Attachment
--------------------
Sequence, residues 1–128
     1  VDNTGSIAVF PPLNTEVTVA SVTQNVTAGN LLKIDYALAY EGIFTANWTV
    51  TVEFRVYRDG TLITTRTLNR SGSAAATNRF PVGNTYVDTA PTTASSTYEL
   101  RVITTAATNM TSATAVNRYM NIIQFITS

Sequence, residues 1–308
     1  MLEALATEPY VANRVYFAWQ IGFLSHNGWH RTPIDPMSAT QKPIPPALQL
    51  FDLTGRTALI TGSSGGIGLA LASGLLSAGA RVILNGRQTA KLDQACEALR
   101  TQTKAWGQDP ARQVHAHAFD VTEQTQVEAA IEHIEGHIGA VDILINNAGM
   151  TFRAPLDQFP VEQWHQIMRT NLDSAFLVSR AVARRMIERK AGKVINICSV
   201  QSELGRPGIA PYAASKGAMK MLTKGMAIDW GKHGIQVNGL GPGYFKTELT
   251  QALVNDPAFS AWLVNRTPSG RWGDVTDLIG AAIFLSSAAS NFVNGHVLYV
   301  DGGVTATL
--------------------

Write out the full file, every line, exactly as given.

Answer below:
Sequence, residues 1–128
     1  VDNTGSIAVF PPLNTEVTVA SVTQNVTAGN LLKIDYALAY EGIFTANWTV
    51  TVEFRVYRDG TLITTRTLNR SGSAAATNRF PVGNTYVDTA PTTASSTYEL
   101  RVITTAATNM TSATAVNRYM NIIQFITS

Sequence, residues 1–308
     1  MLEALATEPY VANRVYFAWQ IGFLSHNGWH RTPIDPMSAT QKPIPPALQL
    51  FDLTGRTALI TGSSGGIGLA LASGLLSAGA RVILNGRQTA KLDQACEALR
   101  TQTKAWGQDP ARQVHAHAFD VTEQTQVEAA IEHIEGHIGA VDILINNAGM
   151  TFRAPLDQFP VEQWHQIMRT NLDSAFLVSR AVARRMIERK AGKVINICSV
   201  QSELGRPGIA PYAASKGAMK MLTKGMAIDW GKHGIQVNGL GPGYFKTELT
   251  QALVNDPAFS AWLVNRTPSG RWGDVTDLIG AAIFLSSAAS NFVNGHVLYV
   301  DGGVTATL